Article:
CAPTAIN BOYNTON: Early Calgary's Tragic Hero
(Sir Griffith Henry Boynton, Baronet)
Calgary, Alberta, 1883
Contributed by Doug Coats, December 21st, 2023
Griffith Henry Boynton was born into a wealthy East Yorkshire family on May 31, 1849, his grandfather being at the time the 9th Baronet of Barmston in East Yorkshire. Griffith was educated at Jesus College, Cambridge.
Boynton arrived at Fish Creek on or about June 5, 1883, squatting near John and Addie Glenn (1873) and James Votier (1879) at NE-32-22-01-W5, a little south of Fish Creek and west of Macleod Trail. He may have been a remittance man, as his financial dealings in Alberta were done in the name of his brother-in-law in England, Alfred Newdigate. Boynton lived "under canvas" while he had a house built — not a log cabin like his neighbors, but a seven-room structure of dressed lumber, likely from James Walker's mill in Calgary. The Calgary Weekly Herald called it "a palatial residence much too good for a bachelor." Unfortunately there are no known photos of the Captain until much later in life.
The title "Captain" is questionable. Local historians have called him a former naval or army officer, but none identify their sources, and there is no online record of his military service. Perhaps fellow Alberta pioneers jokingly referred to him as "Captain" after international celebrity Captain Paul Boyton (often called Boynton), inventor of an inflatable rubber suit in which he could float while paddling feet-first with a kayak paddle. In 1881 Boyton had floated 3600 miles down the Missouri River. At that time Fort Benton, Montana, was Calgary's supply centre and only connection to the outside world. Southern Albertans would have been well aware of this Captain's exploits as described in Montana newspapers and indeed around the world.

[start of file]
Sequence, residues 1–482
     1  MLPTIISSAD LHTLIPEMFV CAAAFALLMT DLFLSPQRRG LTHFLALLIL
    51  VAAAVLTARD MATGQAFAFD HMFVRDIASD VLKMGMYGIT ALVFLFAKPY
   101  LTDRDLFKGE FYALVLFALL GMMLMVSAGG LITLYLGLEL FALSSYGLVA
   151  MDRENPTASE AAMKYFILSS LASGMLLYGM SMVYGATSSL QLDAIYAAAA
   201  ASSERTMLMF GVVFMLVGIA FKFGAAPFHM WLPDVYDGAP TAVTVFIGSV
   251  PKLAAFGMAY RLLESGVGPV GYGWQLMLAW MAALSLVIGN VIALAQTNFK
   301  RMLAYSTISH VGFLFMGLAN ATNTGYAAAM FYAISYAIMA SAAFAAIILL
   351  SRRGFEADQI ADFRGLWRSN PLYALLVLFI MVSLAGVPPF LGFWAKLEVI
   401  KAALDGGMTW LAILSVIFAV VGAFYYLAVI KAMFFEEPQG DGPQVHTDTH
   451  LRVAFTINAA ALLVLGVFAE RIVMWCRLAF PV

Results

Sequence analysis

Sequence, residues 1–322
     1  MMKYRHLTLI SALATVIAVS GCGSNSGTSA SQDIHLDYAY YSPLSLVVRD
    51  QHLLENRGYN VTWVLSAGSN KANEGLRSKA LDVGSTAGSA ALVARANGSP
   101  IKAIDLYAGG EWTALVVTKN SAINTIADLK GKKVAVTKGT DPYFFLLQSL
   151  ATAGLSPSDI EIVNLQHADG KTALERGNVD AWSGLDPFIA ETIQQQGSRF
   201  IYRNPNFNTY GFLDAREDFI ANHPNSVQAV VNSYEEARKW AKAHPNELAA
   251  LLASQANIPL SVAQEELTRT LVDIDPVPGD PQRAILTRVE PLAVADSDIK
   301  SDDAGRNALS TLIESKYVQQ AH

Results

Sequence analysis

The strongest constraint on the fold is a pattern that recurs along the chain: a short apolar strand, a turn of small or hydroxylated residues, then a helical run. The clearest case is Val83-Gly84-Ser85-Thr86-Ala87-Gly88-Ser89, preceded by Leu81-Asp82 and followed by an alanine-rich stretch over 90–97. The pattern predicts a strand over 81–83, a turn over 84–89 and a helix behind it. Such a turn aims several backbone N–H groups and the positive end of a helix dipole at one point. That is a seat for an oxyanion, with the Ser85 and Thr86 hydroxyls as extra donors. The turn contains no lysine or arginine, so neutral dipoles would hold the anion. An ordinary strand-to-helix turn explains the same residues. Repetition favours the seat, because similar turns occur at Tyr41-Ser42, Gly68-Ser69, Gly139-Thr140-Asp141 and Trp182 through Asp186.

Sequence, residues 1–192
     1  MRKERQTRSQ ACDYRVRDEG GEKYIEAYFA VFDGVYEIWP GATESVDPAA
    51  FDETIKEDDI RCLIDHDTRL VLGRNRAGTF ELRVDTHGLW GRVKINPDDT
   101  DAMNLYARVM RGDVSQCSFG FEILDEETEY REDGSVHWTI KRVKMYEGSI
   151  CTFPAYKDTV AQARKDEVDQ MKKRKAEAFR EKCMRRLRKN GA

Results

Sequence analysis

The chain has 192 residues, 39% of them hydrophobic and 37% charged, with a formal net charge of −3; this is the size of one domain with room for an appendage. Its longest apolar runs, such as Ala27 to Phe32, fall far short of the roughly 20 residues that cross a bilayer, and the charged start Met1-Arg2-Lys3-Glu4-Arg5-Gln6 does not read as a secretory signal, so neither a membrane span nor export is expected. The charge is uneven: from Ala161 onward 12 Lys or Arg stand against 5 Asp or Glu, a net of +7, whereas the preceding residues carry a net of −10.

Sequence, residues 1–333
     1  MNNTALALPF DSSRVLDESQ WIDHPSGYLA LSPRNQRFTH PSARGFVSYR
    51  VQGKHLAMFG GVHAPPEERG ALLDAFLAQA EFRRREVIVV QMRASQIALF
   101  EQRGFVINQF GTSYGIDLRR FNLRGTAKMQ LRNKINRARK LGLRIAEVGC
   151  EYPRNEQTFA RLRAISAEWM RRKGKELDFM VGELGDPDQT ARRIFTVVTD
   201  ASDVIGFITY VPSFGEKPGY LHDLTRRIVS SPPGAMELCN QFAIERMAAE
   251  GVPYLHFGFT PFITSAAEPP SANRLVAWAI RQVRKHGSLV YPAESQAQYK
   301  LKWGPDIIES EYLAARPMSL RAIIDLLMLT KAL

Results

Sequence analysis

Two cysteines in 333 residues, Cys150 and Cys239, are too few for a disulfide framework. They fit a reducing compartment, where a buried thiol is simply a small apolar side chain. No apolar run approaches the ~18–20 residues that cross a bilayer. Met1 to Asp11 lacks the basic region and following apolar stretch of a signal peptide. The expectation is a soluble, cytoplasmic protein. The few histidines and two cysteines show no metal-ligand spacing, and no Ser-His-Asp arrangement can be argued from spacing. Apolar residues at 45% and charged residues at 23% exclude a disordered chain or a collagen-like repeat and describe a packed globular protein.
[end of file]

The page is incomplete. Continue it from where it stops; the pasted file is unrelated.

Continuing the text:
Griffith Boynton was an outgoing, exuberant, eccentric chap. His house wasn't quite level. He owned the area's first piano, and there is a story that every morning he would leave it in the living room, only to find that by evening it had rolled to the kitchen. He explained that the slope made the house easy to clean — "I throw a pail of water in the front door and let it run through the house and out the back door."
Two months after his arrival, the Canadian Pacific Railway arrived in Calgary, and the population started to grow rapidly. The Captain bought five lots in the new townsite; two were on Stephen Avenue just west of today's 3rd Street East, where he built the Calgary Theatre Hall, soon known popularly as Boynton Hall — today the site of the elevators in the Municipal Building. Another of his lots is now the City Hall Day Care, and the remaining two are part of the foyer of our Central Library.
Boynton Hall was the town's second-largest building (after the curling rink) and could seat 500. Its stage was surmounted by a system of pulleys and weights for lifting scenery. On opening night, a full house saw two plays performed by the Calgary Dramatic Club, and the Captain performed too: "Boynton in deer stalker cap, a lengthy Newmarket coat, and a hunting crop under his arm… giving us the old hunting song "Drink Puppy Drink" was quite worthy [of] the occasion", reported The Herald.